My next memorable encounter with such a story was Ray Bradbury's "The Sound of Thunder", which involved a leisure company that offered safaris to the past. One could travel back in time and kill a dinosaur. But there were strict rules so that the time stream would not be altered in any significant way. These rules are of course, broken.
Both stories showcase two very different approaches to time travel. In one approach, all events along the time stream are fixed. In the other, the slightest change in the past can result in wild deviations in the future.
There are all sorts of fancy terms for theories which fall into either category (Many Worlds Interpretation being among them). Fancy terms and theories aside, when I wanted to incorporate time travel into my campaign world, I had to take a stance.
I decided that for pure logistical reasons, I didn't want my players traveling into the past and re-writing the history of my world. It is hard enough to design a single campaign world. Creating endless variations of that world based on the whims of players hopping through time has always seemed to me to be far too much work. Instead, I settled on the idea that the past, as well as the future, are fixed. One can travel through time, but they can not re-write it.
What then, becomes the point of time travel adventures?
My approach to time travel in my campaigns has been convoluted, but resulted in many fun adventures. The basic premise behind time travel is that you may find that the things you know about the past or future are simply wrong, or that you yourself were an instrument in shaping things the way they are. Most events are malleable to some extent... as long as your excursion through time results in people BELIEVING the same things they've always believed, actual interpretation of how those beliefs came to be are an emergent result of game play.
For example, in the case of someone trying to stop the assassination of Lincoln, they may find that someone else actually committed the act and framed John Wilkes Booth. Or that Lincoln's death was faked, and it was a double that was killed. Or any number of possible events that have the end result in the belief that Lincoln was killed at the Ford Theater by Booth on April 14, 1865.
The thing to consider is that according to game world rules, the reality encountered by the players is the ONLY reality... it was always the only reality. They did not change the past through time travel. They merely discovered the truth of it.
I will give a concrete example of one such adventure I ran. The Lord of Time (who I refer to as Darkstar, Archon of Time in my current campaign) recruited a certain gnomish thief for a mission. It seems that the Dwarven city of Stonehaven had fallen to an evil force. Within the stronghold is a Dwarven artifact. If the evil forces get ahold of this artifact, they will not only subdue the Dwarves, but control them as a force. The gnome must enter the Dwarven city, find the artifact, and steal it.
Now.. the problem is that the city has already fallen, and Darkstar doesn't know if the evil forces have gotten their hands on the artifact yet. He does know that prior to the invasion, the artifact was safe in the vaults of the Dwarves. So... he sends the gnome back in time, just prior to the invasion. The gnome can't simply go snooping around the vaults, nor can he ask for the hammer. He must wait for the invasion and the following chaos to ensue in order to be able to freely explore. And so, he actually becomes part of the futile defense of the city. He later finds the artifact. Once he has it in his hands, his "recall" spell is triggered, and he is re-united with Darkstar.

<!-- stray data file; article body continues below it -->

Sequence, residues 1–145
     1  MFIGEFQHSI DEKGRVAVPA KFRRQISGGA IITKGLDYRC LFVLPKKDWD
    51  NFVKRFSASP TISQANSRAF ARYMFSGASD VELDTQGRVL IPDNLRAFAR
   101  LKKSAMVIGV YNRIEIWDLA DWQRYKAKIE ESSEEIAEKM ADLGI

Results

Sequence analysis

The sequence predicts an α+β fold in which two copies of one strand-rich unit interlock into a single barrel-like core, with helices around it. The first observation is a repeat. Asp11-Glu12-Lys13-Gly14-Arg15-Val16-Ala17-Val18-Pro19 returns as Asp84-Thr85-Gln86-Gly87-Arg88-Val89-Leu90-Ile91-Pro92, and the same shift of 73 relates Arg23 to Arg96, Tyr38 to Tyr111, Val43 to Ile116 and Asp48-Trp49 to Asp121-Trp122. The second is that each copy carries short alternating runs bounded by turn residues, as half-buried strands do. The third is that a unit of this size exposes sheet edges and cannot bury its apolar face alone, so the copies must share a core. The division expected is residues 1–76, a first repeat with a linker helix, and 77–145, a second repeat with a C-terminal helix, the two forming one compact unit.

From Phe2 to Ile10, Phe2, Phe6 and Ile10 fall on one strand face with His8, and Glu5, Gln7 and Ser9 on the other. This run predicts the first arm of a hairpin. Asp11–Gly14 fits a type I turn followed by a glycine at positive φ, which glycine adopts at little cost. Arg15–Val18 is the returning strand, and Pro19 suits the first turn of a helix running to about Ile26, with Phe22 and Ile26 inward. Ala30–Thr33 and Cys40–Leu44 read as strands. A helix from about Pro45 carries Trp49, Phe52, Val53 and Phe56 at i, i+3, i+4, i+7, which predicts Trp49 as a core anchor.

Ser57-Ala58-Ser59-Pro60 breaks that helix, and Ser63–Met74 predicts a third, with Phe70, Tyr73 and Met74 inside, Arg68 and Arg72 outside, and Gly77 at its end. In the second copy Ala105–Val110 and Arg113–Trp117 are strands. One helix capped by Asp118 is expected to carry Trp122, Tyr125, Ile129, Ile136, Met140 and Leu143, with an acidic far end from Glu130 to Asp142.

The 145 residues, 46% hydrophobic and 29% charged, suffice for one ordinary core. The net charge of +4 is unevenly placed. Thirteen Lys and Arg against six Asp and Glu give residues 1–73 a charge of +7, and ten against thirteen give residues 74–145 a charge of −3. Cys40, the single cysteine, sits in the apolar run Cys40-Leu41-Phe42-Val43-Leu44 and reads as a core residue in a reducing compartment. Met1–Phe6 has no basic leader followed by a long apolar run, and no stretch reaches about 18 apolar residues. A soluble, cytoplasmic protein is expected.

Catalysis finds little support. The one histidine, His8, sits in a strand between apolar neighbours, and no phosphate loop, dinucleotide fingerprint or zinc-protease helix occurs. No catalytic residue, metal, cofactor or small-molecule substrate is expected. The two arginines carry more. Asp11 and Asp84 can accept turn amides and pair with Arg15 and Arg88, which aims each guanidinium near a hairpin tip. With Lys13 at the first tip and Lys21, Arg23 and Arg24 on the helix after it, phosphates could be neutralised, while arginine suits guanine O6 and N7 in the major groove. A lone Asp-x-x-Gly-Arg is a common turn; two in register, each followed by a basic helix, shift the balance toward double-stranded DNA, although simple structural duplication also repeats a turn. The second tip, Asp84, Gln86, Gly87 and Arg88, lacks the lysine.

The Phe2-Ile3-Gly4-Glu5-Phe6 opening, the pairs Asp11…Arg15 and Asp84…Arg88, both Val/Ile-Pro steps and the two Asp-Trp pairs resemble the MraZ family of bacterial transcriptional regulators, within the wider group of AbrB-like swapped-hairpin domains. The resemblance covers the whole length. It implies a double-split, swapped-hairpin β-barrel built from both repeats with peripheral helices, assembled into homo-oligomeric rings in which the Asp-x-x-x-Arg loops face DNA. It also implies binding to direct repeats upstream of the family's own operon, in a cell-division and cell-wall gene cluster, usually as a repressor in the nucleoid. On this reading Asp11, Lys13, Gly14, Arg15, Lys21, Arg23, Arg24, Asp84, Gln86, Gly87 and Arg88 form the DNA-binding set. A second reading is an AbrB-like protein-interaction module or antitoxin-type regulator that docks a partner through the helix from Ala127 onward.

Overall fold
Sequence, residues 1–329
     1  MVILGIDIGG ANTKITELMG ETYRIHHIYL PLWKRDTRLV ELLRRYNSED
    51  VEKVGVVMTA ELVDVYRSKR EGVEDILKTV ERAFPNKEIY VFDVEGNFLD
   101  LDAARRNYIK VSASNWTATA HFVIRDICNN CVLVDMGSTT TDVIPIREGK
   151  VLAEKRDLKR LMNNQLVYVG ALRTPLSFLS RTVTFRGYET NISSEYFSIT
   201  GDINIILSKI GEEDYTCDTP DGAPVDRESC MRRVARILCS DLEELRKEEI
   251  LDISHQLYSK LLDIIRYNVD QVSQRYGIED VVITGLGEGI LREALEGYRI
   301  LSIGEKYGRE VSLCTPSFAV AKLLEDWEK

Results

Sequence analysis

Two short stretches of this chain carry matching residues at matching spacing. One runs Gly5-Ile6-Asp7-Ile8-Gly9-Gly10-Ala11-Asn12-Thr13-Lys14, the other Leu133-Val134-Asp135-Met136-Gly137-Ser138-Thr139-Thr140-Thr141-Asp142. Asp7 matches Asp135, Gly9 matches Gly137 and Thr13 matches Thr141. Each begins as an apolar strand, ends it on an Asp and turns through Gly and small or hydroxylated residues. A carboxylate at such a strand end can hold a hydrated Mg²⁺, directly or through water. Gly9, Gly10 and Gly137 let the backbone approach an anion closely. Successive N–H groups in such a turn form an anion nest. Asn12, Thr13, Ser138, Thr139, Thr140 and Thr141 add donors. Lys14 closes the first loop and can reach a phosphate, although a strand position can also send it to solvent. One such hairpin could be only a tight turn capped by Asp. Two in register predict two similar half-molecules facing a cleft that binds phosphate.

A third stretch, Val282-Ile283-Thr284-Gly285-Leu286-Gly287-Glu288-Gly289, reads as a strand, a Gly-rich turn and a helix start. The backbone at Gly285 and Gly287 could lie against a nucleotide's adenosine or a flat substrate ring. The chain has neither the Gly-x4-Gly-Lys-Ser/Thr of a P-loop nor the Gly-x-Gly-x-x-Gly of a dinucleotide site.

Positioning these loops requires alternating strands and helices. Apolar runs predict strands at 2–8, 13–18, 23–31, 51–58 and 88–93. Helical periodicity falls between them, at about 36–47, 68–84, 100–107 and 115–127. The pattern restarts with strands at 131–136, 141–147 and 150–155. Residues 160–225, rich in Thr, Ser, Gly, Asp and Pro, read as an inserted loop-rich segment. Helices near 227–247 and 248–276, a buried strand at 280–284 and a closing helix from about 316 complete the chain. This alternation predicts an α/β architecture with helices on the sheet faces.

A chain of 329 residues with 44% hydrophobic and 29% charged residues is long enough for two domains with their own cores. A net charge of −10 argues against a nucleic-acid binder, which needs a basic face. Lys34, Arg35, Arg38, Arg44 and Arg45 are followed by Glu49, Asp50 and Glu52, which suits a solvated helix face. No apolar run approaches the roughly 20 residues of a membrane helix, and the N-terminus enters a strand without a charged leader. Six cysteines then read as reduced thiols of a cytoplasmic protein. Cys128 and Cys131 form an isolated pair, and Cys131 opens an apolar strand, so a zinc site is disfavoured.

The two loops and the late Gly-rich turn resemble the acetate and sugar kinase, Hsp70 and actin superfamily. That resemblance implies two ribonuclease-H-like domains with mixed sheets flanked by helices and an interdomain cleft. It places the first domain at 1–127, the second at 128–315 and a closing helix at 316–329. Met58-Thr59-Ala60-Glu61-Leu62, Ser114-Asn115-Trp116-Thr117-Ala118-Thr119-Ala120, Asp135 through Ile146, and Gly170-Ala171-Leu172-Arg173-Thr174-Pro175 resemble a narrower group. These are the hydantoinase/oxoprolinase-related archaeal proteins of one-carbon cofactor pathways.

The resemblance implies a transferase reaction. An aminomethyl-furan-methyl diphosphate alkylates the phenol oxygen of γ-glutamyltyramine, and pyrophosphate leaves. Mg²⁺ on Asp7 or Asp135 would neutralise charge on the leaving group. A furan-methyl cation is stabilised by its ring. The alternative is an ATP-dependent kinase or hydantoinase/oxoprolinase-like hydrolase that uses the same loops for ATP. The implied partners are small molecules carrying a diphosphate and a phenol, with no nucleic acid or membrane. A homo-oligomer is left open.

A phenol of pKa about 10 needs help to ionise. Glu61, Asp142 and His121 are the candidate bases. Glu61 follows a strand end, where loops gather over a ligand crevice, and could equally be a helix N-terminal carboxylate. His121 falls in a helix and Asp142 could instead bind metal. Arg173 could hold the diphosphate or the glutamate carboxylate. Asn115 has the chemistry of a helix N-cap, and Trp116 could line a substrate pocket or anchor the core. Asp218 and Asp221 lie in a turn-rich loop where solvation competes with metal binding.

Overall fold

Now... something interesting happened during this adventure. He found himself in a battle which the Dwarves were destined to lose, because it had already happened. While his actions could have an affect to some extent, there was a limit to the affect. He was in what many players would consider a "railroad".
Personally, I don't concern myself with such terms. I know how I want to use time travel, and how I don't want to use it. The success of the player's mission was not guaranteed. He found there were things he could affect, and things he couldn't. He recognized these quickly, and rather than complaining about it, switched strategy. He used his wits to convince the Dwarven king to move the artifact, and while it was in transit, he had his opportunity to steal it. All in all, it was quite a memorable adventure. One of the fun things about it was being able to put a player character in the middle of a battle, but be unconcerned with the overall result of it. He knew the battle was lost before he ever started. He still had many opportunities to shine, helping individuals who otherwise might have been "collateral damage".
Running such adventures is challenging. As in Back to the Future 2, people and artifacts can wind up being in two places as the same time. Time travelers can potentially meet themselves. One must keep an eye on the development of Djinn artifacts.
From a lecture by Princton professor Richard Gott:
Self consistent time travel stories have some interesting features. We
introduced the concept of a "Djinn" - a particle whose world line is like a hula hoop - a circle with no ends (the name was introduced by Igor Novikov). An example was given with the 1980s movie "Somewhere in Time", (in which a pocket watch that was given to the protagonist by an old lady is brought back in time and given to the younger version of this lady, who in turn grows old to give it to the protagonist - thus this pocket watch, which has never been near a watch factory, is a "djinn").There are numerous other challenges in running time travel adventures. Particularly ones in which time is self consistent. However, they can be very rewarding, and quite memorable for all involved.